The City of Light will soon run on 100% renewable energy for public lighting, while at the same time reducing electricity consumption.
Paris’ public lighting is iconic and contributes to the appeal of the French capital, both for Parisians and visitors. This project addresses the need to maintain the current standard of service while reducing electricity consumption, a substantial expenditure in the city’s budget.
Dubbed “The City of Light,” Paris has 345,000 public light sources, including signage, street, and park lighting. The electricity consumption of public lighting in Paris is 150 GWh, and the energy bill for this amounted to $17.9 million in 2012. To reduce the climate impact of public lighting, the city has committed to purchasing 100% renewable energy for municipal public lighting from 2016, while simultaneously reducing energy consumption of Paris’ public lighting. The contract to purchase all electricity from renewable sources also includes electricity consumed in municipal buildings, amounting to a total of 350 GWh per year.
To achieve a 30% reduction in electricity consumption in 2020 while maintaining the current scope of public lighting, the City of Paris entered into a 10-year energy performance contract in 2011 for public lighting and luminous signage installations. After the first year of operations, the upgrades led to a 12% reduction in electricity consumption compared to 2004.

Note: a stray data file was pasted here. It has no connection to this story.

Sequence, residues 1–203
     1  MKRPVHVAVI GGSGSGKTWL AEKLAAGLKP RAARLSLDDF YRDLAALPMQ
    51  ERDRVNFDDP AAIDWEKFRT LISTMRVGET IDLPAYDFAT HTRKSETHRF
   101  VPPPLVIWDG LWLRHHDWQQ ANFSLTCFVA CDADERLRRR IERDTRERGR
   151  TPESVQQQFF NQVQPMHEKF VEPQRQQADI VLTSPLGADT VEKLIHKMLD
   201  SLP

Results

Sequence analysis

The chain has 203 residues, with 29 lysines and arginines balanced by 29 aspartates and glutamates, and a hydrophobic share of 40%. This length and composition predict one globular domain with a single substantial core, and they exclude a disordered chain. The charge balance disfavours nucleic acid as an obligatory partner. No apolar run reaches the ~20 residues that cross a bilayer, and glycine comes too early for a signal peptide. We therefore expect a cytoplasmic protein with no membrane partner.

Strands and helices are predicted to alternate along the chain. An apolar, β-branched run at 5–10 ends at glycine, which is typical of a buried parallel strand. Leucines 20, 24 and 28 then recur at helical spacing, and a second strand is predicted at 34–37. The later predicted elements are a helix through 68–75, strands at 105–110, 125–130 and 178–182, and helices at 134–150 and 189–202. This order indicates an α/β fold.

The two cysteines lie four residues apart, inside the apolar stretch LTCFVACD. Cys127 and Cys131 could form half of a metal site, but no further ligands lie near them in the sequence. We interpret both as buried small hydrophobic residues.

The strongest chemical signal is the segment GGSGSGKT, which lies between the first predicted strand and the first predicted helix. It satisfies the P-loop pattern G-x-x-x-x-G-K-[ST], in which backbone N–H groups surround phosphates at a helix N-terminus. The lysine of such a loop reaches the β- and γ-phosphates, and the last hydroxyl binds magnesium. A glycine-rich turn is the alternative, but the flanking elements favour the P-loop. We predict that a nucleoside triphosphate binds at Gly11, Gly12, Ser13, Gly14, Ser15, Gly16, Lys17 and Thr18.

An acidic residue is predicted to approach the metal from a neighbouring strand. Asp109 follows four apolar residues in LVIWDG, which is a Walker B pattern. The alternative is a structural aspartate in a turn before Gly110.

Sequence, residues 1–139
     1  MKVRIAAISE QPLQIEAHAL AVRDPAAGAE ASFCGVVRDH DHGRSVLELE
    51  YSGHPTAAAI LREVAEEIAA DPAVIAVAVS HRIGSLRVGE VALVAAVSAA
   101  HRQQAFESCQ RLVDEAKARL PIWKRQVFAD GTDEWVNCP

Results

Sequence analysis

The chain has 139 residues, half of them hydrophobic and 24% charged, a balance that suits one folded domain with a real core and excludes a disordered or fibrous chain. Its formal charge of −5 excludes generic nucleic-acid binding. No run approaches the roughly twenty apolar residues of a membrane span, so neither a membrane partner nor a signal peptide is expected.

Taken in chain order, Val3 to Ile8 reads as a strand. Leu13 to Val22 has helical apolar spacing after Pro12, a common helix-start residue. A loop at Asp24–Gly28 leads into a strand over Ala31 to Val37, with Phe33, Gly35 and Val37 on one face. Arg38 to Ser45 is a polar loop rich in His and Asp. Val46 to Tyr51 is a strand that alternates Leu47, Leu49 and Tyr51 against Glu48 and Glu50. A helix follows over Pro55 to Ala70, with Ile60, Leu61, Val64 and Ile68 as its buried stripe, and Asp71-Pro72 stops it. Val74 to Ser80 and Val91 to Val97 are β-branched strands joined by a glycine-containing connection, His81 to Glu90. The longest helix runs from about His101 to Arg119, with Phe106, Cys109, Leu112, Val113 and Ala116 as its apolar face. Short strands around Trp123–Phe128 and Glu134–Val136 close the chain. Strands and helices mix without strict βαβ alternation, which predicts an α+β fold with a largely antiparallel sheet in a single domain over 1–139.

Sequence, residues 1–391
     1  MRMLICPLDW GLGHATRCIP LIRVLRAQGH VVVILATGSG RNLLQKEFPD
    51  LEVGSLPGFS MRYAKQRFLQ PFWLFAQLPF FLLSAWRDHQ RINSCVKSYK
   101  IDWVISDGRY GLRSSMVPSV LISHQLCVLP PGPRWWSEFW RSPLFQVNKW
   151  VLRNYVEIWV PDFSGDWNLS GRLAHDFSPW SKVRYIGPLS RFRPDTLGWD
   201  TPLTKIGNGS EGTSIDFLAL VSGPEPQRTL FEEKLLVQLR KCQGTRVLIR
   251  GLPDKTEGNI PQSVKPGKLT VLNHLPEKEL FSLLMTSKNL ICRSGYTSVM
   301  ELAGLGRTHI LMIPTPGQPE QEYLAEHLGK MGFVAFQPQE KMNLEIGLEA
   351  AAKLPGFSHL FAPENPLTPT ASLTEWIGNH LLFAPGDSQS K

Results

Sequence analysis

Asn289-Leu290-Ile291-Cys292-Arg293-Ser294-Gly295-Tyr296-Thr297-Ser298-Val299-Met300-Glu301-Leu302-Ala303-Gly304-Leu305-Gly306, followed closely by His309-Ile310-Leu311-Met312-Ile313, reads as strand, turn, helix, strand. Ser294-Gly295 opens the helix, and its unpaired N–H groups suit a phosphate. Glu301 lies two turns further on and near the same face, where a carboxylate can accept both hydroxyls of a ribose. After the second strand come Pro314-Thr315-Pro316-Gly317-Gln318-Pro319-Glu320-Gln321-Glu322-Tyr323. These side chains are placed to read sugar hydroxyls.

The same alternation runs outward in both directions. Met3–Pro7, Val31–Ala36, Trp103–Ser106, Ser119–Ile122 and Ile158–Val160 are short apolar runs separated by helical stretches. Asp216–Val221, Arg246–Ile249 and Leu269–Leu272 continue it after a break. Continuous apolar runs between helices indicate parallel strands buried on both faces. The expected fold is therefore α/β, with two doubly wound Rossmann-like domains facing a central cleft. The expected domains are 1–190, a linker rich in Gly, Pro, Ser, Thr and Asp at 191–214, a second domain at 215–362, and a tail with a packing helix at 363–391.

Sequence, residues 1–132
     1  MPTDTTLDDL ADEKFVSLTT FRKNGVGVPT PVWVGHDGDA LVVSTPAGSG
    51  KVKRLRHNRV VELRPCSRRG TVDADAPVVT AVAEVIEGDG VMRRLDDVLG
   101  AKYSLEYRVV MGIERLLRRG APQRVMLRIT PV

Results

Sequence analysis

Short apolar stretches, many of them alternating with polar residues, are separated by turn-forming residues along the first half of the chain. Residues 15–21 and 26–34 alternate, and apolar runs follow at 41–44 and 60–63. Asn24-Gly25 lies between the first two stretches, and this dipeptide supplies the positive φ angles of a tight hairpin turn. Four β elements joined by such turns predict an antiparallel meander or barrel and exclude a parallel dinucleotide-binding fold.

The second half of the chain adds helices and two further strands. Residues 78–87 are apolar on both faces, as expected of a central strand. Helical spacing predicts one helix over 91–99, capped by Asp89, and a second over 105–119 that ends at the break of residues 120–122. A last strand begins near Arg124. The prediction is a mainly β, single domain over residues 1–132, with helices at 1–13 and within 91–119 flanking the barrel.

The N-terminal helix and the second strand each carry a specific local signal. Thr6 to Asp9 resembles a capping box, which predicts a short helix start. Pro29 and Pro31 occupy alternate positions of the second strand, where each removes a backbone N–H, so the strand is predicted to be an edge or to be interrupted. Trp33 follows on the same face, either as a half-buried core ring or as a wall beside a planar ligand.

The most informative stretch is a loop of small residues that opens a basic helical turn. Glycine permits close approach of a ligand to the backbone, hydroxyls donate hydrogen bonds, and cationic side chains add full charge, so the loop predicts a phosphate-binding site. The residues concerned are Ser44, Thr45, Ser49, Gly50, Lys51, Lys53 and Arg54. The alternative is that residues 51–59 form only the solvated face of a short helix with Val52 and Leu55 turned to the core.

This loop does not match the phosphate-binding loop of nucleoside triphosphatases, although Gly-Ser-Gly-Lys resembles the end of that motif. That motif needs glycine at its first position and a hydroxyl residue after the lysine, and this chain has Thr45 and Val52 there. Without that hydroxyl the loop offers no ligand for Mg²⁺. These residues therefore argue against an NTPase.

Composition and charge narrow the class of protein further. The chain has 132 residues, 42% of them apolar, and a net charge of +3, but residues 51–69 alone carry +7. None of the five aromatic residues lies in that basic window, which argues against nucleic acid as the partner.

Environmental Benefits – Paris expects to save more than 40 GWh of electricity on its public lighting in 2020.
Social Benefits – Upgraded public lighting provides safety and comfort for pedestrians.
Economic Benefits – The 10-year energy performance contract provides a legal guarantee that goals are reached, with achievements assessed each year and penalties applicable in the case of non-compliance. At the same time, bonuses are awarded if observed savings exceed targets.
Presented by C40 Cities Climate Leadership Group (C40), Sustainia and Realdania – Cities100 showcases leading solutions to urban climate challenges in ten sectors, ranging from solid waste management to transportation.
Available online and in print, Cities100 provides stakeholders an accessible format to explore achievable solutions for climate action in cities, and will be a useful tool for relevant groups ranging from impact investors and development organizations, to mayors and city governments. You can access the full Cities100 2015 publication online here.